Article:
The Buckle stands out with extremely low purchase obligations. Two-thirds of The Buckle's sales come from distribution of brand name apparel rather than distributing its own private-label merchandise. This gives it flexibility to delay purchasing decisions.
Urban Outfitters and Guess also appear to have relatively low levels of purchase obligations relative to annual COGS.
Urban Outfitters and American Eagle stand out with the highest turnover in the retail space. On the other end of the spectrum, Abercrombie & Fitch has an astonishingly bad turnover rate.
Putting it all together
Investors going bottom-fishing in the retail sector would do well to be mindful of the timing and size of lease obligations, as well as the flexibility of the company to adapt to changes in styles. Companies that remain flexible and have low amounts of obligations ought to be able to make it through this rout in the sector and may see a re-rating of multiples on the other side.
The Buckle appears to offer a good value and does not appear in danger of going bankrupt anytime soon. Importantly, the company is also very flexible, with low levels of purchase obligations because of its distribution-focused business model.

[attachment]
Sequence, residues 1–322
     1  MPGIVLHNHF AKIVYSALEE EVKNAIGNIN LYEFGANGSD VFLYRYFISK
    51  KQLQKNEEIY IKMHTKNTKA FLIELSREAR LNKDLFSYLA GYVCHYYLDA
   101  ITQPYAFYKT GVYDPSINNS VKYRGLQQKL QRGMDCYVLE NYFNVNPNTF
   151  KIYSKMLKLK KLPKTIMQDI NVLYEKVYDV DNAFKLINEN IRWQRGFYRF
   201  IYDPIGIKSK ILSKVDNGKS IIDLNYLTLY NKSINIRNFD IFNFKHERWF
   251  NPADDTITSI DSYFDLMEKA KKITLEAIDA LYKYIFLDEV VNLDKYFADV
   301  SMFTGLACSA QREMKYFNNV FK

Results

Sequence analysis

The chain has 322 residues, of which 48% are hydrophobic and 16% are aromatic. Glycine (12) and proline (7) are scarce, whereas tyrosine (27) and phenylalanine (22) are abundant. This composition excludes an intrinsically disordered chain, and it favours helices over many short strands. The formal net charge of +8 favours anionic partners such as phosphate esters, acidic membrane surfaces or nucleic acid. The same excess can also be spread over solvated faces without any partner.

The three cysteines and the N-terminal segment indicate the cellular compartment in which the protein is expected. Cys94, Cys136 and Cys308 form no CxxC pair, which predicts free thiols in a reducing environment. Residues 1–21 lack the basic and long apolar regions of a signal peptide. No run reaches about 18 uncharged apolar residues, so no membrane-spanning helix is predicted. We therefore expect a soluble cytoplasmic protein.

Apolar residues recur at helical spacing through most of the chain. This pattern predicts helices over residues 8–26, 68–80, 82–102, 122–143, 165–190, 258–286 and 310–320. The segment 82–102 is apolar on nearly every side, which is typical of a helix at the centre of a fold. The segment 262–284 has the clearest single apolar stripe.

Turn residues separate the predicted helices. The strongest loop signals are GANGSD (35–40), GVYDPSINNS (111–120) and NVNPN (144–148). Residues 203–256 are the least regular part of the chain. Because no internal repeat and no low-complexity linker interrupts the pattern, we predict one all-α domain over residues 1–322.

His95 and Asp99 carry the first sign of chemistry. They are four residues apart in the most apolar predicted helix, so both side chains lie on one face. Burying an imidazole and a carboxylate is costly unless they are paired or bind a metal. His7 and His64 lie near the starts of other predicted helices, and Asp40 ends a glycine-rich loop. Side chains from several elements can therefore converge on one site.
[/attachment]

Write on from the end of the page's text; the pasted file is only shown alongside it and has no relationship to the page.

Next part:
Though Urban Outfitters isn't relatively cheap and has a high proportion of long-term leases, its higher levels of inventory turnover and low levels of purchase obligations ought to allow it to remain flexible in a "fast fashion" environment.
Those looking to sell short the sector can benefit from considering lease obligations and flexibility as well. The most expensive and least flexible names appear to be Guess and The Gap.
The absolute level of lease obligations at Guess is quite high relative to EBITDA, and though it has low future purchase obligations, Guess has one of the lowest levels of inventory turnover.
The Gap is relatively expensive and stands out with high levels of long-term leases and large purchase obligations. Though its inventory turnover lies in the middle of the sector, if fashions change quickly, The Gap will have trouble adapting, as its purchases have been made so far in advance.
Let me know what you think about operating leases, inventory, and the fast-changing world of fashion in the comments below. If you see any other apparel retail companies that you find interesting (brick-and-mortar or e-commerce), let me know below!
Disclosure: I am/we are long BKE.
I wrote this article myself, and it expresses my own opinions. I am not receiving compensation for it (other than from Seeking Alpha). I have no business relationship with any company whose stock is mentioned in this article.